The <?xml:namespace prefix = st1 />Malta at War Museum in Birgu, is undoubtedly Malta’s best presented testimonial of the great ordeal suffered by the Island during the Second World War. The site focuses on the daily life of wartime Malta telling the story of how this spec of an island managed to withstand one of the fiercest onslaughts in modern history. It offers a unique experience to the visitor through a combination of original film-footage, expert guiding and much in the way of original artefacts and memorabilia, all of which are nicely presented in a new modern setting.

The museum is housed in an old 18thcentury military barracks built in the historic walls of Vittoriosa (Birgu). Throughout the blitz, these premises served first as a Police headquarters for the whole of the Three Cities and later combined all the essential wartime civilian services. Right underneath, some 40 feet into the live rock is a huge maze of tunnels and galleries which doubled as an air raid shelter for scores of people, and as an underground Civil Defence centre. In its hey-day the latter was equipped with a surgery, a birth-room, a chapel and various underground offices from which work by the various wartime government bodies housed in them went on unabated.


Notre Dame Gate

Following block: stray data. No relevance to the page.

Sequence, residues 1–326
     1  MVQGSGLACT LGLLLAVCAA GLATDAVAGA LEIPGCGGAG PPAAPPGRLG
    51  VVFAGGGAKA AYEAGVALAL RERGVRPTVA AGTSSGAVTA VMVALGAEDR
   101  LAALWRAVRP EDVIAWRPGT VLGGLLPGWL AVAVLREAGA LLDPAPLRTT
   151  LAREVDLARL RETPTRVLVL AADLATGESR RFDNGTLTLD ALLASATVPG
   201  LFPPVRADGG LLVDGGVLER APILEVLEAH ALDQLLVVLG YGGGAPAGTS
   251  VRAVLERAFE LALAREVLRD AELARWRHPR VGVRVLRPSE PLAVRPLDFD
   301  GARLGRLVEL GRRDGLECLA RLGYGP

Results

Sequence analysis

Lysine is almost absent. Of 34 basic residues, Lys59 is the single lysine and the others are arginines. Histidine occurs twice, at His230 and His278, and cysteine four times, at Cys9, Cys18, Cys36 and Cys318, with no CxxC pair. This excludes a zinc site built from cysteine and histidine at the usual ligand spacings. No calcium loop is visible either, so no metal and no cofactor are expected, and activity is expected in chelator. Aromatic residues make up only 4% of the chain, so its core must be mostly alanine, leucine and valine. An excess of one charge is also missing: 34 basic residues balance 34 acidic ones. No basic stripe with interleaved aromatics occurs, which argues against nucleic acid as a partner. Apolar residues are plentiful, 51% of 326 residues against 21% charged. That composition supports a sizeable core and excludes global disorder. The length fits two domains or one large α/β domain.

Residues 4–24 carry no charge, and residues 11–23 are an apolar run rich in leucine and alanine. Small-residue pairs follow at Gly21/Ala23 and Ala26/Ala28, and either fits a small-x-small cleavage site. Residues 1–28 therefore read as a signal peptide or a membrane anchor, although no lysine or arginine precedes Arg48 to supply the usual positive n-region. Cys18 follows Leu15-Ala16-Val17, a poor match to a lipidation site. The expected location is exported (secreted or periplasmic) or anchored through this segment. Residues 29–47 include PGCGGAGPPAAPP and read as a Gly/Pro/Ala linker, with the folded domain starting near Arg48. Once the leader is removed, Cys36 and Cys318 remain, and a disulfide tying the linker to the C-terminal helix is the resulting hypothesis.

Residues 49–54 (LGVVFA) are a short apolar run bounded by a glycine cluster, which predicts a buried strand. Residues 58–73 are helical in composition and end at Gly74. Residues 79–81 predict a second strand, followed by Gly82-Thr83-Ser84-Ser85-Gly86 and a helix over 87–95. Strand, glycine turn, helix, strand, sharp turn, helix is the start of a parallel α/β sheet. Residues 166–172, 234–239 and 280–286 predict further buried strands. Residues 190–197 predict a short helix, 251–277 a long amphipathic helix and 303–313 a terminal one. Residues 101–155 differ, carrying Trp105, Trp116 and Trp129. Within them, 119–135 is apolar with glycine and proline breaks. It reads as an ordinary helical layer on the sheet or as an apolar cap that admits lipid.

Notre Dame Gate was builkt in 1675, on the design of Romano Carapecchia. It had three openings, a drawbridge and spacious guardrooms located at ground level. It was intended to provide a controlled passage into the fortifications. It was the only gate in the Cottonera Fortifications with an outer work, designed in 1715 by engineer Louis de Tigne and his French colleagues. This formed a massive solid tenaille high enough to shield the entrance to the gate. It was demolished early in the 20th century. A bronze bust of Grand Master Nicolas Cotoner was placed high up on the facade together with a marble tablet. The latter commemorates his initiative and contributions in the erection of these formidable fortifications for the defense of the Three Cities. For this reason it is popularly known as Bieb is-Sultan. The gate served as an important outlook post during the French occupation. When the French surrended, the Grand Master's bust was discovered in time, ready to be whisked away, on board the French Atheniene.